In today's Miami Herald a founding chairman of the Friends of the World Food Programme wrote a op ed piece on the fight against AIDS. Marshall Matz notes how food can help to keep those with AIDS healthier.
As national governments and international organizations continue to address this crisis, we must not overlook the role of food in both the prevention and cure of the disease.
Anti-retroviral drugs (ARVs) are commonly prescribed to stave off the effects of the virus. Like many prescription drugs, however, ARVs must be taken with food to be effective.
Not only can the combination of medication and food delay the onset of HIV/AIDS-related illnesses, but it also improves the quality of life for those living with HIV/AIDS. In places like Africa, where access to a steady supply of food is often a critical issue, many HIV/AIDS patients are forced to take their ARVs on an empty stomach. Side effects can be so severe that patients cease treatment altogether.
When that happens, a vicious domino effect begins: Patients lose their physical strength and are unable to work; their households suffer from the loss of income and/or food; children are removed from school so that they can work; and getting enough to eat becomes an everyday struggle. In some countries, HIV/AIDS has wiped out entire generations, leaving families with no food and no money.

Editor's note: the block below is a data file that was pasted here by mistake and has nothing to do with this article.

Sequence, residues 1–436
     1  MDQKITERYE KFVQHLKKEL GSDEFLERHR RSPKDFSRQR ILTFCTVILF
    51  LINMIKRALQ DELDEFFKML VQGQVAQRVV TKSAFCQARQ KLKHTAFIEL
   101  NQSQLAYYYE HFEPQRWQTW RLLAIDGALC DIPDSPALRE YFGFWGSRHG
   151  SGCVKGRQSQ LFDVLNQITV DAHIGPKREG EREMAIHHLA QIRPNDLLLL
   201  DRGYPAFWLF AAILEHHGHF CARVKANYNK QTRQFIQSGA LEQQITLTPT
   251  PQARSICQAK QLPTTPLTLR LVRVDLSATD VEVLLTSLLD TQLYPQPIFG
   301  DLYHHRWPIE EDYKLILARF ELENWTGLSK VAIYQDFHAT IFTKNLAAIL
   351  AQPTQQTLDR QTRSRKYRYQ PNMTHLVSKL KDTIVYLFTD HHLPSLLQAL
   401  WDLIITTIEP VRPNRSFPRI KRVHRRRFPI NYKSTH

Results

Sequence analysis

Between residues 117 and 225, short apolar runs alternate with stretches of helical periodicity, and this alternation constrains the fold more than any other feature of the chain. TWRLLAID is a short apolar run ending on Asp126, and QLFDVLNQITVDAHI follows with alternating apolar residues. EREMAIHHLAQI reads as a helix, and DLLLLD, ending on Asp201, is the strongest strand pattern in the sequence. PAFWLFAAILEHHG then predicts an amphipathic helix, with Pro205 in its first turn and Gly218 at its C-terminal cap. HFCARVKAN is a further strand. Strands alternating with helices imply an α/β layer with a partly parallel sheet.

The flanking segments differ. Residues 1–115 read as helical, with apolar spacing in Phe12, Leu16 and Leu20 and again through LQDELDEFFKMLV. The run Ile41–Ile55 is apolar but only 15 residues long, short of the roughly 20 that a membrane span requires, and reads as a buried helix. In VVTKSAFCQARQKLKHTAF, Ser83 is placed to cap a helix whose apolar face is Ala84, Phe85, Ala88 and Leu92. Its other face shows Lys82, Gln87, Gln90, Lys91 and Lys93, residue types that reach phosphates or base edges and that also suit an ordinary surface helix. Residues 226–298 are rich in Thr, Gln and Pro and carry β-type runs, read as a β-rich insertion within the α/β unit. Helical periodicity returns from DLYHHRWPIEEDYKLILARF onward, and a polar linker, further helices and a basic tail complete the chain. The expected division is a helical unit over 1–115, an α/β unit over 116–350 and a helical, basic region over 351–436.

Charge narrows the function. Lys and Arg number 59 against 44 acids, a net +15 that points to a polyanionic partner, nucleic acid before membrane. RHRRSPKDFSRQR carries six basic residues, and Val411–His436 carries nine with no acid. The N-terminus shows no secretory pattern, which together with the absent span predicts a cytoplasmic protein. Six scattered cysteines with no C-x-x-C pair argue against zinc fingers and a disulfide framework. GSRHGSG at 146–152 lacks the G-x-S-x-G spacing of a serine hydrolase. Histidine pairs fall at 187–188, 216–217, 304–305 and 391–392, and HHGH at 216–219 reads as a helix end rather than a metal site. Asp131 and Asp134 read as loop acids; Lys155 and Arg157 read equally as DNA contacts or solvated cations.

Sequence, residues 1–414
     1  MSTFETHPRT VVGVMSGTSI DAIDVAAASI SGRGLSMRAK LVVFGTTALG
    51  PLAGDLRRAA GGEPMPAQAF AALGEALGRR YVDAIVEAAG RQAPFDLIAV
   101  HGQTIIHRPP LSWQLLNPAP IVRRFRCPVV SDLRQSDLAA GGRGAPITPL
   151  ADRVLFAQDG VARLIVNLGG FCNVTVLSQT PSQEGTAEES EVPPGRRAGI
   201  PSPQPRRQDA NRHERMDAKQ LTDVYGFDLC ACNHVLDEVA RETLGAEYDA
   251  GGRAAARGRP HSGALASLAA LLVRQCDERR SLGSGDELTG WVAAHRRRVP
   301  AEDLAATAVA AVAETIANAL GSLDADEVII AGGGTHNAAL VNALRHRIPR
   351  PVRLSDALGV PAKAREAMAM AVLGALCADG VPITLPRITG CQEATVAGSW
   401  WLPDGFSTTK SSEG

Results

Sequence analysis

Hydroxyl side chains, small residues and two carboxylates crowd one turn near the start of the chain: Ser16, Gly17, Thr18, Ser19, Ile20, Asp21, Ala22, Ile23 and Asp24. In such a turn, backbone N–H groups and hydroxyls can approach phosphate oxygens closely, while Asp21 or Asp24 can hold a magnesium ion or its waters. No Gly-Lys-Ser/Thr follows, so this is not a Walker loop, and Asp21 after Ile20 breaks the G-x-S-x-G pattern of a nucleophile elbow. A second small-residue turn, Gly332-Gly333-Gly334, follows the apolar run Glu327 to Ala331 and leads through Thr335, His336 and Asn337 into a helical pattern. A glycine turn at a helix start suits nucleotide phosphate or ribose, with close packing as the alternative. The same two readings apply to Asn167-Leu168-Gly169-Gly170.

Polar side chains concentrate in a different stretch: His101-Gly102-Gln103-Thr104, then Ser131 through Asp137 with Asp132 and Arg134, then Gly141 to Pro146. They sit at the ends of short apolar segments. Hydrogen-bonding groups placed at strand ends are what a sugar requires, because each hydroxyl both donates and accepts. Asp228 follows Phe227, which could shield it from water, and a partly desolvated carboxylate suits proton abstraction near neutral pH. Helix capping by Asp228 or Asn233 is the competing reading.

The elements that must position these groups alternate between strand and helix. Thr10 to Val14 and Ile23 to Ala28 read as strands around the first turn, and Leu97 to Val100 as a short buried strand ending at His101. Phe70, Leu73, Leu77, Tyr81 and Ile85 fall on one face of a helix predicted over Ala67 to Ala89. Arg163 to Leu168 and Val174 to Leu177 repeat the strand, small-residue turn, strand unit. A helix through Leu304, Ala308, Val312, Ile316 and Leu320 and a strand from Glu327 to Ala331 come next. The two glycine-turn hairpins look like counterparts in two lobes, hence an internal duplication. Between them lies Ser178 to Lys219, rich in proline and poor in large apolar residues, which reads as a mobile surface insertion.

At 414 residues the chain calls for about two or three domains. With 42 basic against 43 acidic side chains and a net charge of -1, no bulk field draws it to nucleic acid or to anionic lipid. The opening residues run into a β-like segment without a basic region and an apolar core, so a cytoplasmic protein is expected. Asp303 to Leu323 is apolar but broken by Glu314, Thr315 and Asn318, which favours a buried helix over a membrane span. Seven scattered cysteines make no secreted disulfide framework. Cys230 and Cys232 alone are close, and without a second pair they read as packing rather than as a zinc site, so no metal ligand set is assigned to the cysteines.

Ensuring that HIV/AIDS patients receive adequate nutrition is certainly an achievable goal. Two HIV/AIDS relief initiatives are doing exactly that.
• Through the President's Emergency Plan for AIDS Relief (PEPFAR), President Bush committed $15 billion over a five-year period to addressing HIV/AIDS in 15 African and Asian countries. PEPFAR is the largest commitment by any nation to combat a single disease. Today, PEPFAR supports life-saving treatment for nearly two million people worldwide. Building on this wonderful success story, President Bush signed legislation last July that would extend PEPFAR for another five years. Most importantly, a nutrition component was included in the reauthorization. We must now build upon that authorization to provide a fully funded food component.
• The U.N. World Food Program (WFP) also recognizes the importance of food for HIV/AIDS patients. In coordination with other humanitarian relief organizations, WFP provides patients with food supplies when they receive their medication. This regimen will help patients regain their strength so they can return to work and provide for their families. In particular, farmers will remain healthy long enough to teach vital agricultural skills to their children so that farming practices will continue to be passed on from generation to generation.